Soldiers forced to give up their Christmas to cover striking staff

Firefighter says FBU strike action is a 'last resort'

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Around 600 servicemen and women will provide cover for members of the PCS union who have voted for industrial action.

Some 100 troops have arrived at Gatwick and Heathrow, where they will remain until after the end of the strikes in the New Year.

PCS members who work for Border Force at Heathrow, Gatwick, Manchester, Birmingham, Cardiff and Glasgow airports will walk out from December 23 to 26 and 28 to 31.

The soldiers are being trained how to check passports and spot instances of modern slavery. They could also be deployed to process migrants who illegally cross the English Channel.

A Border Force source warned: “Our border security is going to be catastrophically weakened.”

Phil Douglas, director-general of Border Force, has written to airlines, asking them to cancel up to 30 percent of flights on strike days to prevent chaos at airports.

But last night easyJet said it plans to operate its full schedule during the strike days. The Luton-based airline said: “We are in talks with the individual airports on their contingency plans.”

It is allowing customers who have booked flights arriving at Gatwick, Manchester, Birmingham or Glasgow on the strike days to change their travel date or have a flight voucher for the value of their ticket if they want to amend their plans.

Hundreds of soldiers will also be sent to drive ambulances and provide logistical support in an effort to limit the impact of co-ordinated strikes on the NHS.

The Ministry of Defence is on the verge of agreeing to a request from the Department of Health for support under the military aid to civil authorities protocol, known as Maca.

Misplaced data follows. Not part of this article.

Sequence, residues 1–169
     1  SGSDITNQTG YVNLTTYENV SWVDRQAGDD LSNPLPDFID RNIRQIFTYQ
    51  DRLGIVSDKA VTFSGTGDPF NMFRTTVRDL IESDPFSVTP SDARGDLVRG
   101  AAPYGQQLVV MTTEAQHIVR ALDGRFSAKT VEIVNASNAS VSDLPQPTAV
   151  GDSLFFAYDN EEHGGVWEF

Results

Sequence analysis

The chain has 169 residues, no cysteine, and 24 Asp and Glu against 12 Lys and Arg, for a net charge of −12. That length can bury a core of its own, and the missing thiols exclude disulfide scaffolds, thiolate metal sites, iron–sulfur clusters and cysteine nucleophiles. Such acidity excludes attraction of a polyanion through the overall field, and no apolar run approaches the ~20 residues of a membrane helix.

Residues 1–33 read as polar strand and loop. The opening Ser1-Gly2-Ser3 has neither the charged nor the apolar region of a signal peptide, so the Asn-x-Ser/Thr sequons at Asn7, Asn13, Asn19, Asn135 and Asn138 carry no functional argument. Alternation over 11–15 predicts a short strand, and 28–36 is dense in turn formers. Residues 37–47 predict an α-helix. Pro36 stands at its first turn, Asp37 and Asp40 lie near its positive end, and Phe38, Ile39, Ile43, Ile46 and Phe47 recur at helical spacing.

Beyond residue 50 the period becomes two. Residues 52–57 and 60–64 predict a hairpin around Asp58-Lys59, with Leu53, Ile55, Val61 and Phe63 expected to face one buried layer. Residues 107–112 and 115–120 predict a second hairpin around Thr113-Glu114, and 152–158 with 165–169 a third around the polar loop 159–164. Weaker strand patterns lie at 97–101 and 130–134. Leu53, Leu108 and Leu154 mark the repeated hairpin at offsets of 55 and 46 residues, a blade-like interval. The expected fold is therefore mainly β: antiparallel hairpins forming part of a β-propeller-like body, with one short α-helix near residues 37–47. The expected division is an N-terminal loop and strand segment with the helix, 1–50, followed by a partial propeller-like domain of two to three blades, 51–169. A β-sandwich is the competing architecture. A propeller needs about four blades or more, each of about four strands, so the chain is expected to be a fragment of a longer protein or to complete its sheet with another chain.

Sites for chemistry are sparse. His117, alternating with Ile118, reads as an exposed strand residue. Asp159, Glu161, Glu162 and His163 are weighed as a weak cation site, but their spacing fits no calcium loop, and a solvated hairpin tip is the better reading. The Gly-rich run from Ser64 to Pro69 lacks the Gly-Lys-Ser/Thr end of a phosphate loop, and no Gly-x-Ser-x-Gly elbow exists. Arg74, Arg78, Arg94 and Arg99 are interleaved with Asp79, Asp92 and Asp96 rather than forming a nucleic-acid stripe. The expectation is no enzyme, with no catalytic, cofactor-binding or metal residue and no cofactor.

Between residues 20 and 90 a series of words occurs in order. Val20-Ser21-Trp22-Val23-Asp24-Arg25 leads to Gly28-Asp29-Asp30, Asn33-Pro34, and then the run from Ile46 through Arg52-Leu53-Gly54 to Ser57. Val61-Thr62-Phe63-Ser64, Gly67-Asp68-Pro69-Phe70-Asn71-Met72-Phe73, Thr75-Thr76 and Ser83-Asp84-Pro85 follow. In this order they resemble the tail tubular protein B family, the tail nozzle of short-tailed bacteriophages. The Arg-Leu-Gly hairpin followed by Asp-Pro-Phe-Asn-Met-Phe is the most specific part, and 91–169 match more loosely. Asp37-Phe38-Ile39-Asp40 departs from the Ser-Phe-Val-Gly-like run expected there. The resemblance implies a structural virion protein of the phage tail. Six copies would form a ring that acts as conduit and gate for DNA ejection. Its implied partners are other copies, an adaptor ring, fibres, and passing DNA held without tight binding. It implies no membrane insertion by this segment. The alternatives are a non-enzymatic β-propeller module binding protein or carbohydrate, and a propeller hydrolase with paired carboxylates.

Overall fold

And last night a source told the Daily Express “it is possible” troops could also be deployed to drive fire engines. Firefighters will be balloted next week over strike action.

Tory MP Tobias Ellwood said that relying on the Armed Forces to fill the gaps left by strikes would place a “huge burden” on the military.

For some of the soldiers drafted in to help at airports, Christmas was one of the last opportunities to see their families before they go on six-month foreign deployments. Members of the Armed Forces are not allowed to strike by law.

Rishi Sunak visited RAF Coningsby in Lincolnshire yesterday and said Britain owes the Armed Forces “an enormous debt of gratitude”.

He added: “I had the opportunity to say thank you to some of our Armed Forces personnel because many of them are going to miss Christmas to help us deal with the disruption from strikes, whether that’s manning border posts or driving ambulances, and we all owe them an enormous debt of gratitude.”

He said the Government is looking at “tough new laws”on strikes as well as contingency plans.

Royal Mail workers were on strike yesterday, with hundreds gathering in Parliament Square to hear speeches by union leaders. More than 115,000 staff walked out, with more action to follow in the run-up to Christmas.

Talks between the CWU union and Royal Mail have broken down. Members of the union are expected to continue striking on Sunday as well as on December 14, 15, 23 and 24.

Last week, Royal Mail advised people to post Christmas mail earlier than usual due to the walkouts.

Meanwhile, the leader of the biggest rail workers union has called for an urgent meeting with Mr Sunak in a bid to help resolve the long-running dispute over pay, jobs and conditions.

Members of the Rail, Maritime and Transport union are due to stage two 48-hour strikes next week following months of industrial action.

RMT general secretary Mick Lynch has written to Mr Sunak saying a meeting between the two was now the best prospect for progress.

“We have a duty to explore every option for settling this dispute and I’m willing to do my part. I hope you will agree to meet me,” he wrote.

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